|Ph.D Thesis||Department of Materials Science and Engineering|
|Supervisor:||Prof. Eizenberg Moshe|
|Full Thesis text|
The continuing downscaling of metal-oxide-semiconductor (MOS) devices has recently brought a change in the gate materials from the classic poly-crystalline-Si/SiO2 stack to metal/high-K dielectric stack due to unacceptable high leakage currents and other related difficulties. One of the biggest challenges, which have surfaced during the replacement of the gate materials, is the control of Fermi level position at metal/high-K interfaces, which has a major effect on the performance of MOS devices.
The goals of this research were to tune the Fermi level position at the metal/high-K interface of MOS devices by means of alloying metals and to correlate between the electrical properties of alloys and their composition, structure and morphology by studying the compositional dependence of the Fermi level position in alloy systems.
The first alloy system studied was the Hf-Ni binary metal alloy system, where a low (3.9eV) and a high (5.3eV) vacuum work-function (FVac) value metals (Hf and Ni, respectfully) were deposited as multi-layers of the pure metals and subsequently intermixed by thermal treatment. The FVac measurements and the FEff measurements were performed separately in order to isolate the effect of the metal itself from the metal/high-K interface and high-K stack effects.
The compositional dependence of FVac and FEff in the Hf-Ni system was non-linear with a strong trend towards the values of pure Hf. This behavior is explained by the enrichment of Hf at the surface (for FVac measurements) or to the interface (for FEff measurements). No Fermi level pinning was observed on HfO2, however the FEff values were shifted above the FVac values and the FEff values on SiO2 due to charges in the HfO2 layer or to dipoles in the oxide stack. In addition, some interesting metallurgic phenomena were observed in the system, such as the formation of Kirkendall voids and SiO2 "scavenging" in capacitors with Hf as the bottom electrode.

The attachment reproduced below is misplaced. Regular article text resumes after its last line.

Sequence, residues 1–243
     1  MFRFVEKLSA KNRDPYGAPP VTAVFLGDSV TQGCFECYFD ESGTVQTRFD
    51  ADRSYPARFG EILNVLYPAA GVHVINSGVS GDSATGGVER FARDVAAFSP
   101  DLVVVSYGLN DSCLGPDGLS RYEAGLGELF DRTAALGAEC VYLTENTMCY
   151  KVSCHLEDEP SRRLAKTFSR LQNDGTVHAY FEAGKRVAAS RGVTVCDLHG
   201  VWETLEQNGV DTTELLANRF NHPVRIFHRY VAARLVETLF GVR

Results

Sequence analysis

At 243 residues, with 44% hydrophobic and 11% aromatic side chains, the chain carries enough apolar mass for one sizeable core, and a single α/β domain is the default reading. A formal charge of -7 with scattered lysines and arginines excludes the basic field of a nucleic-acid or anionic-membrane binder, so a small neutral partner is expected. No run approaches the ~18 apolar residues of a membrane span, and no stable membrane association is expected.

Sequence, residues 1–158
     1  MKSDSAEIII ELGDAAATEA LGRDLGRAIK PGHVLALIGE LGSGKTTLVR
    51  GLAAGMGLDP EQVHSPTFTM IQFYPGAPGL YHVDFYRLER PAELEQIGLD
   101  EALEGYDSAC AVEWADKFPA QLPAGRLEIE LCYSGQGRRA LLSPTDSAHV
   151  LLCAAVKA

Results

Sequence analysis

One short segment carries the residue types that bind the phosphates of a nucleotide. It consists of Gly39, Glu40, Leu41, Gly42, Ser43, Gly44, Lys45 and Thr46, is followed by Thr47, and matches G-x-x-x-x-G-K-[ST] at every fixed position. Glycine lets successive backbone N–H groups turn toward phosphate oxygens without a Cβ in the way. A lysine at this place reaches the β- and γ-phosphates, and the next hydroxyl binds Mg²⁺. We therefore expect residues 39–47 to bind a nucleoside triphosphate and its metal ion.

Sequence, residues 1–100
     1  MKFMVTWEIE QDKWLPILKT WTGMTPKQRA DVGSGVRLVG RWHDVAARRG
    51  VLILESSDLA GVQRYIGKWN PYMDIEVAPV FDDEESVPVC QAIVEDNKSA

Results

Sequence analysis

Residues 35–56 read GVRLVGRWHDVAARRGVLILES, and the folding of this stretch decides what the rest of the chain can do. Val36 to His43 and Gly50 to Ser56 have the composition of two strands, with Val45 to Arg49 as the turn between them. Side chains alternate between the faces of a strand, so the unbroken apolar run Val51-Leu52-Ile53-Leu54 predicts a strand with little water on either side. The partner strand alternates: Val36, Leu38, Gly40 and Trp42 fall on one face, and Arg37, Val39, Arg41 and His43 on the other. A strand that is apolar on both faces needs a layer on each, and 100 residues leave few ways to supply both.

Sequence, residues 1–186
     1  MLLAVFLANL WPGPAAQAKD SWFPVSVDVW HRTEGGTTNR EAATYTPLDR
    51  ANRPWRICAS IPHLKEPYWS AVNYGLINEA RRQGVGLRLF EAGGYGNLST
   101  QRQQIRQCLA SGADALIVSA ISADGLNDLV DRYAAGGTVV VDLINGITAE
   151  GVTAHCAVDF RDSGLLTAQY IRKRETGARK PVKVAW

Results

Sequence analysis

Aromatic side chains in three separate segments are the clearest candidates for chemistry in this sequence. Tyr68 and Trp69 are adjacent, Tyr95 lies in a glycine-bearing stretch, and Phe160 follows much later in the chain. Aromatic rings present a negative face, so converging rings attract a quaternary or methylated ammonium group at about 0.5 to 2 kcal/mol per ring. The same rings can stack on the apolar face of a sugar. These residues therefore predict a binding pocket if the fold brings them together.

The second alloy system studied was the refractory nitride system of HfNx, whose composition was controlled by the Ar/N2 flow ratio during deposition. A nearly linear dependence of the FVac values on the N/Hf ratio from 4.5 eV to 5 eV. However, the FEff values of HfNx are lower, varying from 4.3 eV to 4.7 eV, saturating at N/Hf ratios larger than one. The reason for this difference in behavior is attributed to a chemical reaction at the HfNx/SiO2 interface and the ensuing formation of HfNxOy and SiNxOy at the interface.